Over the past couple years, Claire had spent so much time on the road that all she’d wanted from her home was a place without roommates, where she could immediately take off her pants and collapse into bed. What did it matter that her “kitchen” only had room for a mini fridge and a hot plate? She wasn’t exactly whipping up five-course meals for herself. Who cared that the bars on her window blocked out most of the natural light, or that she’d stuck up all her posters with tape instead of framing them? But now, from underneath her sheets, Claire cast a look around her tiny studio, at the stacks of boxes from Pizza Paradise starting to grow mold, at the piles of discarded beer cans, at the torn-up remains of a note her parents had sent her, reading: You can always come home. Jesus forgives, and so do we. “The wallowing is getting pretty gross,” she said.
“Well then, get up. I got you a job.” Even as a child in their tiny Ohio town, Thea had been the one who got shit done. She’d organized all the bored neighborhood kids into teams for kickball. She’d harangued all the grown-ups until they signed up to bring something for the church bake sale. And then, when her parents had discovered she was gay and threatened to kick her out of the house unless she agreed to go to a conversion program, Thea had wasted no time in getting a full scholarship to Harvard, and leaving on her own terms.
“A job? What is it?” Claire asked.
“Singing ‘Old MacDonald’ to the future CEOs of America. Some woman named Whitney Morgan emailed the Harvard list looking for a playgroup musician, so I sang your praises.”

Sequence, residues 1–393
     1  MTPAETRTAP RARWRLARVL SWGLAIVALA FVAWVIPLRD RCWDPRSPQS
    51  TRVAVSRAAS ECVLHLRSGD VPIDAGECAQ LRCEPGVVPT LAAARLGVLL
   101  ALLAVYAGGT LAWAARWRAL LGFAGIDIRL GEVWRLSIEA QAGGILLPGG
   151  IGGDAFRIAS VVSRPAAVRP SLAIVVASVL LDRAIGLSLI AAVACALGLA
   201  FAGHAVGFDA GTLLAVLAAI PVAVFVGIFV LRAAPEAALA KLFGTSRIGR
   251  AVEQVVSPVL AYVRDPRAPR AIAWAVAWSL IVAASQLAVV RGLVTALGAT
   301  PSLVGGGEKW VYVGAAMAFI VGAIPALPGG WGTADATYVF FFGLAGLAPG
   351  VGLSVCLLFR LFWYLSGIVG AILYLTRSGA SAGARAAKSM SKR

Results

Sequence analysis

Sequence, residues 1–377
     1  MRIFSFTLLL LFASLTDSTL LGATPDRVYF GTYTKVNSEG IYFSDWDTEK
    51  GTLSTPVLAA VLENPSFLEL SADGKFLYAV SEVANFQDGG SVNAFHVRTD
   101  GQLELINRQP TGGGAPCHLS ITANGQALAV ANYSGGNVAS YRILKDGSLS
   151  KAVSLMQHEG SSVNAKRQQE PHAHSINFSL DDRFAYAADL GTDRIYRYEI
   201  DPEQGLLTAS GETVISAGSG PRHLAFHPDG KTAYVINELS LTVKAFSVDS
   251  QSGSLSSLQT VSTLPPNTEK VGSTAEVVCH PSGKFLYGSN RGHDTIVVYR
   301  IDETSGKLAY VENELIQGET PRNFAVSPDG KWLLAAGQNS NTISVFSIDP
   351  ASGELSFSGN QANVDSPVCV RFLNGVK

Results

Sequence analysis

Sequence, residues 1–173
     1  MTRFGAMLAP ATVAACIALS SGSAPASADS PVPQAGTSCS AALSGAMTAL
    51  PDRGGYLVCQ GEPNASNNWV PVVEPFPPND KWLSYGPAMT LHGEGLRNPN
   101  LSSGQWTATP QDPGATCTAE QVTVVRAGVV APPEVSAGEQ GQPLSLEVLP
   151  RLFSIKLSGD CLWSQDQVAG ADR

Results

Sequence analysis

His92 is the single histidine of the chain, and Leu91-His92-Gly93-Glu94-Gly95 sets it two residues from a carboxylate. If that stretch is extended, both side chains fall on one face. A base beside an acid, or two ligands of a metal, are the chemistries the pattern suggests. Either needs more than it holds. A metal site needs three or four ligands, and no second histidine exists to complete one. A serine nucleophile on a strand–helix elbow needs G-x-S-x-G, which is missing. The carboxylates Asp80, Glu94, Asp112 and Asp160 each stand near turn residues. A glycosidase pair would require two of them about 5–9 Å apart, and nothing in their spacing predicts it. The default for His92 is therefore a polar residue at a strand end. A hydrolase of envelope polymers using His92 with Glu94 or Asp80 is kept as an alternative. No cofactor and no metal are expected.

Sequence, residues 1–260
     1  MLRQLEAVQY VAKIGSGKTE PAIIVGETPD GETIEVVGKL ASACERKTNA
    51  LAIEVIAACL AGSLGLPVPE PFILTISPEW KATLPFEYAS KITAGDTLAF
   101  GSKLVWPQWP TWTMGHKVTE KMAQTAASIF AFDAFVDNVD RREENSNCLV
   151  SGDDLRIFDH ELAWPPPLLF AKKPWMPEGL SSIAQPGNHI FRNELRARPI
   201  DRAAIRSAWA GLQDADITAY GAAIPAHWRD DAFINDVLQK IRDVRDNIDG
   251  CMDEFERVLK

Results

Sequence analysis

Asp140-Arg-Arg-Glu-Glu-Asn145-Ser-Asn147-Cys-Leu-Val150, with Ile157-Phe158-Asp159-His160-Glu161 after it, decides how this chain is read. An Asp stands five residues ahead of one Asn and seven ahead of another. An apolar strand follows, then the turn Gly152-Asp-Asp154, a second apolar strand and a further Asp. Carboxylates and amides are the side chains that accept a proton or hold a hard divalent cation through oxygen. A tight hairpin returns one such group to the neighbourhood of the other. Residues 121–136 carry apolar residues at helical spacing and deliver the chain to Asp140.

Claire bit her lip. “That’s really nice of you, Thea, but that’s the kind of stuff I was doing five years ago. I don’t know if I want—”
“How much money do you have left in your bank account?” Thea asked.
“Um,” Claire said. She swung herself out of bed too quickly and, a little dizzy, reached for her computer to pull up her account balance. When she saw what her self-destructive spiral had done to her savings, her mouth went dry. Her rent was already overdue because she’d run out of stamps, and hadn’t been able to muster the energy to go out and buy more. And once she sent in that check, her bank account would be down to double digits. She cleared her throat. “What’s the address?”
“I’ll text you the details,” Thea said.
“Thanks,” Claire mumbled.
“I’m looking out for you, cuz,” Thea said, a note of tenderness creeping into her voice. “Can’t have you going back to Sacred Life Christian Fellowship. We’re the ones that got out.”
“Yeah, we are.”
“And Claire? Before you go, please take a shower,” Thea said. “I can smell you over the phone.”
Excerpted from Happy and You Know Itby Laura Hankin, published by Berkley, an imprint of Penguin Publishing Group, a division of Penguin Random House, LLC. Copyright © 2020